9. MattDoran91: PM @TurnbullMalcolm up next on AM with @SabraLane – tune in… #auspol

  10. Morning all. Thanks BK. The cartoons on US gun violence are deadly accurate.

    Kim’s smartest ever move was to subtly rename the North Korean Rifle Association and order it to begin undermining the USA.

    Phoenix red
    Logically, the NRAs “solution” to mass shootings should be to get widespread personal use of kevlar bidy armour legalised. Problem solved!

  11. It says if the Brandis reasoning is upheld, prospective political candidates may see it as being in their interest to not ask questions or seek proper advice about their citizenship status.

    The government MPs caught up in the citizenship imbroglio, and the South Australian senator Nick Xenophon, have submitted to the court that they were ignorant of their citizenship issues, despite their parents’ heritage, and therefore should not be found ineligible for parliament as they did not acquire or retain the status voluntarily.

    But two Greens senators, who resigned their positions once they became aware that they were dual citizens, Scott Ludlam and Larissa Waters, have told the court they were correct to resign when they became aware of their status.

    The high court is scheduled to hear the cases of several MPs, including Joyce, between 10 and 12 October.

  12. Chris Uhlmann‏Verified account

    PM will push premiers at counter terror GOAG (COAG?) to hand over pics of every licensed driver for a national facial recognition database. #auspol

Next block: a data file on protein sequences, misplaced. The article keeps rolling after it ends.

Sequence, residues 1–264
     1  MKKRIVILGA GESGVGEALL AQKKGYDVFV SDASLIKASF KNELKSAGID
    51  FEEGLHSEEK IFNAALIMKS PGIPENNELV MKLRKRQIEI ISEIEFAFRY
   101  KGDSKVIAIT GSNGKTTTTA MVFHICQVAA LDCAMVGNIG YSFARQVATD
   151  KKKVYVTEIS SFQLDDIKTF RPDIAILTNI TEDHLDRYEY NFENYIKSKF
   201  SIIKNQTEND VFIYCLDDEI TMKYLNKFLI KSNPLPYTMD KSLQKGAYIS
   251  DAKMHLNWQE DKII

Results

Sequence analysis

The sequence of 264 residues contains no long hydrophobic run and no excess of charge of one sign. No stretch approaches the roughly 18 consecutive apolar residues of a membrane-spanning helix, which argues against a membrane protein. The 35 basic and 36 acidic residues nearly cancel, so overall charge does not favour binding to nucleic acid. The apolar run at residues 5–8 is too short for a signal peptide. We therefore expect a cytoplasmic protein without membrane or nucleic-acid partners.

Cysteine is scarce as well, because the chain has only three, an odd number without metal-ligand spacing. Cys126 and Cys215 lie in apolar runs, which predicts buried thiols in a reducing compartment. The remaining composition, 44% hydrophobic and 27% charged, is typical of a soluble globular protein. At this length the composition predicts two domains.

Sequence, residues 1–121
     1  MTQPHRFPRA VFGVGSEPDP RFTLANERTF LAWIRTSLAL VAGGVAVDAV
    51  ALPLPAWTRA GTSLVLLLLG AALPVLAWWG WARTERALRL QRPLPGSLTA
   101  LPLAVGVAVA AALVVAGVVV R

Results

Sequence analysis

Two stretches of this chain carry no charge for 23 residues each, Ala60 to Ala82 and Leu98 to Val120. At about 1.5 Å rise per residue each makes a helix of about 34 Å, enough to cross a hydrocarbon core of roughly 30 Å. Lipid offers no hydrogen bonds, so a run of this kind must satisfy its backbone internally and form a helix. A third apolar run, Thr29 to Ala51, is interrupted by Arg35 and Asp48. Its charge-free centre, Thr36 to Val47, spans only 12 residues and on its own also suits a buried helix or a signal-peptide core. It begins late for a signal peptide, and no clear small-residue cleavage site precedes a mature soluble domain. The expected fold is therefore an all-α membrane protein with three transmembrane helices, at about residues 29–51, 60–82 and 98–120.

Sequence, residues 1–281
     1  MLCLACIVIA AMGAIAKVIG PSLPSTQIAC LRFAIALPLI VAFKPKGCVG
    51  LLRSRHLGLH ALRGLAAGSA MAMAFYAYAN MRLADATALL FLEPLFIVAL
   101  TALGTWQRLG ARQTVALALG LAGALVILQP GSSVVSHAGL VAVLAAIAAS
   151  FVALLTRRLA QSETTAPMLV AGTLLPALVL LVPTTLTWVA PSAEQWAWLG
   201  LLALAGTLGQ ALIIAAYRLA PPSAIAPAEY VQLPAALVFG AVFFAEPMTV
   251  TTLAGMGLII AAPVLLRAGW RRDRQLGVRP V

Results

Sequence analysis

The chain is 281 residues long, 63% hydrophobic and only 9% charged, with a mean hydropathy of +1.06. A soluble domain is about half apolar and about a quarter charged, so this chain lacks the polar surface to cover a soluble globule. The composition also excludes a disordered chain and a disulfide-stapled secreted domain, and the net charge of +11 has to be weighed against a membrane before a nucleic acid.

13. lizzie – “I wonder when countries which accept the secular ceremony as the primary one brought in the laws.”

    In France “Laïcité” (secularism) dates from the ‘French Revolution’ (1790’s).

  14. The supply chain seem a lot worse than Musk indicated –

    Worries about whether Tesla Inc would meet its promises on production of its Model 3 mass-market sedan in the months ahead sent the electric car maker’s shares more than 2 percent lower on Tuesday as those in rivals climbed.

    The company, which warned when it launched the sedan in July that it was entering “manufacturing hell”, has so far delivered just 220 Model 3 cars and produced 260 during the quarter.

    It had targeted 1,500 sedans in the quarter and to take production to 5,000 a week by the end of the year.

  15. I assumed the French marital laws began with the French Revolution as they determined to be a secular society. I’d forgotten that the Napolean influence would be so widespread.


    The Greens are proposing a new national energy storage target of 20 gigawatts by 2030 to help drive the switch to renewables at both the household level and across the energy grid.